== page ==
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Hoffmann, R. A wiki for the life sciences where authorship matters. Nature Genetics (2008)

Influence of polyethylene glycol insulin on lipid tissues of experimental animals.

Earlier investigations have revealed that polyethylene glycol-B1-insulin (PEG insulin) causes lower utilization of glucose in fat cells than does the unaltered hormone, even though the blood glucose-lowering activity of both preparations in intact animals is identical. The present study was aimed to establish whether or not PEG insulin in regard to adipose tissues of intact animals has similar functions. Radioactive glucose was used to examine the influence of both native pork insulin and its PEG derivative on the incorporation of tracers into lipids. Male Wistar rats and male domestic rabbits received 14C- and/or 3H-labeled glucose intravenously, while the insulin preparations were administered by either the subcutaneous (s.c.) or the intravenous (i.v.) route. Under the influence of PEG insulin, diminished incorporation of 14C and/or 3H into adipose tissues was observed in all cases, yet both natural insulin and the derivative lowered the blood glucose to the same extent. These observations allow the assumption that, by using certain modified insulins, it may also be possible to manipulate the extent of glucose metabolism by lipid tissues in diabetic patients.[1]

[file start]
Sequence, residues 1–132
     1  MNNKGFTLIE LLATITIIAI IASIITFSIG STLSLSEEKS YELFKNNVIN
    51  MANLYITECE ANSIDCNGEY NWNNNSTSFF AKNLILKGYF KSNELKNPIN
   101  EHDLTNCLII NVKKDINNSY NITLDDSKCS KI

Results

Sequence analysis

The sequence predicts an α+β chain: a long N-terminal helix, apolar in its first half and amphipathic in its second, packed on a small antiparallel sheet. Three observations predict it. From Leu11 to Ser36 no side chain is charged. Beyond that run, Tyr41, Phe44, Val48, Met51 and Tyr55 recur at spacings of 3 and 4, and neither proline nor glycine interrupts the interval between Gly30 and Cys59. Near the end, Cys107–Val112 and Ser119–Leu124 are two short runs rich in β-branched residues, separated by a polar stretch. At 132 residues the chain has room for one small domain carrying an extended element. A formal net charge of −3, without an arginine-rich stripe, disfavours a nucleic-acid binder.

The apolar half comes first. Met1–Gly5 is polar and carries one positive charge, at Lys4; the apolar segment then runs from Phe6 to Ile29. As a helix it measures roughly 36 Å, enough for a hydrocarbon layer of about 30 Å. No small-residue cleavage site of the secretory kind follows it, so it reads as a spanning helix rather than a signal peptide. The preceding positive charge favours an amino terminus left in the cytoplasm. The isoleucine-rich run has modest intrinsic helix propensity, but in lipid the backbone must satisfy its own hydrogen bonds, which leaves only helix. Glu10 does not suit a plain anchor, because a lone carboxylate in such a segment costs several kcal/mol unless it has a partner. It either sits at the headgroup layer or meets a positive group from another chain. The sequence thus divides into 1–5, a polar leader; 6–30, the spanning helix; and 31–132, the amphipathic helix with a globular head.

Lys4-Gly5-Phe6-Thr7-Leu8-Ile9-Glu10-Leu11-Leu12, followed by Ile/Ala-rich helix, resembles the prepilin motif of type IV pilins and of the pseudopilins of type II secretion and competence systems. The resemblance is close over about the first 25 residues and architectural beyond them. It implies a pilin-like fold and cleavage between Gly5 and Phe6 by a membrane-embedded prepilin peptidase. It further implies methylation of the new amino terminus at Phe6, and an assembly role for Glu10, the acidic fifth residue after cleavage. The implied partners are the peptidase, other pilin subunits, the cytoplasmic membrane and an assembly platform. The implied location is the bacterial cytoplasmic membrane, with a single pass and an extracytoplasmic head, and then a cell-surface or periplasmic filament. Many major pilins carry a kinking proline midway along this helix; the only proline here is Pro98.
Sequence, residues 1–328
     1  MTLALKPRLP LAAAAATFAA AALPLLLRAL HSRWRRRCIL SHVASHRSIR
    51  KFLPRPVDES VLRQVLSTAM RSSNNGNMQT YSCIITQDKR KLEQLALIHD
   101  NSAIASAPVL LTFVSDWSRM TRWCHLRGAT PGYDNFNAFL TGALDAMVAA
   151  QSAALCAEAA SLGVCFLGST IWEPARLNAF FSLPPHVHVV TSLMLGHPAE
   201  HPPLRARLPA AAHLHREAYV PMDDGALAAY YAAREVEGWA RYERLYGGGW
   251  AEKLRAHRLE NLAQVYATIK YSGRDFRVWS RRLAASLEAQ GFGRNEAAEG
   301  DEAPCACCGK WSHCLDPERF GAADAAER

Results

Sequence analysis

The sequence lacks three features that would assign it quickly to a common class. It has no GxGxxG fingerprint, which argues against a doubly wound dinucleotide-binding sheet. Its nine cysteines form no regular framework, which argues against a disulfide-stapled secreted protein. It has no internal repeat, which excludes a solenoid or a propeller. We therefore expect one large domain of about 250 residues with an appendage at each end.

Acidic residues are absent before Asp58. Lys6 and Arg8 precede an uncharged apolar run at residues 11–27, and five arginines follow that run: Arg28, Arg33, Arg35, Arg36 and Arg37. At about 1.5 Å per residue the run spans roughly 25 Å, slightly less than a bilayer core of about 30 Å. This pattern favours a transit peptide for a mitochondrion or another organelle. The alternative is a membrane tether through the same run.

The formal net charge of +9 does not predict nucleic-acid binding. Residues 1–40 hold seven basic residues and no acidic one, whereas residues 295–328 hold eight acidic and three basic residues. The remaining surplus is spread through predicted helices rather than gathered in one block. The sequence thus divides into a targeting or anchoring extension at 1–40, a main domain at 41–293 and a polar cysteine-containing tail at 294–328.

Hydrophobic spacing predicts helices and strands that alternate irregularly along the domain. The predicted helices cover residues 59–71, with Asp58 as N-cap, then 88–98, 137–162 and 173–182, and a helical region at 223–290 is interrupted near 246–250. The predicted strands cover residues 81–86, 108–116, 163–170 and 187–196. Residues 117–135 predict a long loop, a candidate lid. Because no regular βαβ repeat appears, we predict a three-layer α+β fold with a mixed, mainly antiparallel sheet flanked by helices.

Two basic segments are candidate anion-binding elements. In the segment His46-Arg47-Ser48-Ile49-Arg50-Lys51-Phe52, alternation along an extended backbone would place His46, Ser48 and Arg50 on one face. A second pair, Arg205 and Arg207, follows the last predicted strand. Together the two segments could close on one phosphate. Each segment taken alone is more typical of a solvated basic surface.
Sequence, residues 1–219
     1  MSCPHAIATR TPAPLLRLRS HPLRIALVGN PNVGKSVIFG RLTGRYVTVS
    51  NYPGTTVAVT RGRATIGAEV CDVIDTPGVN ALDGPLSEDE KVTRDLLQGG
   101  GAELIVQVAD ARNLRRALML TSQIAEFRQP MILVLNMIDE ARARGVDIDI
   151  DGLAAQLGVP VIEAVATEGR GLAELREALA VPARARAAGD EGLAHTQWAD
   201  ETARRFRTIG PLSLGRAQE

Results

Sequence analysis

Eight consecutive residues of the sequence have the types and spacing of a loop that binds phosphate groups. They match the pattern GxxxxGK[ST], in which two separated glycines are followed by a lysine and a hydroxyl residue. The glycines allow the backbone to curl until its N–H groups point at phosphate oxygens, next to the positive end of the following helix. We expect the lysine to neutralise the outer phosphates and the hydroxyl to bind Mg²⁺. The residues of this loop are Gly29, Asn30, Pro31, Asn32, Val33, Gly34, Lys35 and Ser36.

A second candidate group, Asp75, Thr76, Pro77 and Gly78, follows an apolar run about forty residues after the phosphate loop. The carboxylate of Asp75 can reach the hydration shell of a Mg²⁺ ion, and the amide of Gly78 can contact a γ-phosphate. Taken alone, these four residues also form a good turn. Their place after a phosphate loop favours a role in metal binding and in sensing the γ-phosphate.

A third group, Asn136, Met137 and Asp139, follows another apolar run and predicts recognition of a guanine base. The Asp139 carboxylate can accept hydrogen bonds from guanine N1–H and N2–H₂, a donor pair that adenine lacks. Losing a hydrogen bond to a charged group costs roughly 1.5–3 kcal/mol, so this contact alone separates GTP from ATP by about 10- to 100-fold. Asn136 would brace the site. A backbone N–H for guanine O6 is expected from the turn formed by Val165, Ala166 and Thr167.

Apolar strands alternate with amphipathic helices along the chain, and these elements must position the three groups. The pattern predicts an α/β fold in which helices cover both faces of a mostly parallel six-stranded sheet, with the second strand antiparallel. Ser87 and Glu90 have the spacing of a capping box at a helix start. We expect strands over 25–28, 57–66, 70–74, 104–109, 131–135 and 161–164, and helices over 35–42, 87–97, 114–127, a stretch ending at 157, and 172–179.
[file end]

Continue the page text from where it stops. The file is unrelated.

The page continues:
1. Influence of polyethylene glycol insulin on lipid tissues of experimental animals. Neubauer, H.P., Obermeier, R., Schöne, H.H. Diabetes (1983) [Pubmed]
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